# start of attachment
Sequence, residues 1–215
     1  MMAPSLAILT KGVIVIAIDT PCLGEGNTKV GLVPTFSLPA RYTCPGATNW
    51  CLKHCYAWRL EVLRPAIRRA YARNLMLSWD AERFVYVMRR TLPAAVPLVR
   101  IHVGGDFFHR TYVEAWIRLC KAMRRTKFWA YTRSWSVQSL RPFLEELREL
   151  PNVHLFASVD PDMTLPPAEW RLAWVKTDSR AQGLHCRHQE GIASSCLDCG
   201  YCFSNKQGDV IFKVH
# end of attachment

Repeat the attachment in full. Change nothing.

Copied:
Sequence, residues 1–215
     1  MMAPSLAILT KGVIVIAIDT PCLGEGNTKV GLVPTFSLPA RYTCPGATNW
    51  CLKHCYAWRL EVLRPAIRRA YARNLMLSWD AERFVYVMRR TLPAAVPLVR
   101  IHVGGDFFHR TYVEAWIRLC KAMRRTKFWA YTRSWSVQSL RPFLEELREL
   151  PNVHLFASVD PDMTLPPAEW RLAWVKTDSR AQGLHCRHQE GIASSCLDCG
   201  YCFSNKQGDV IFKVH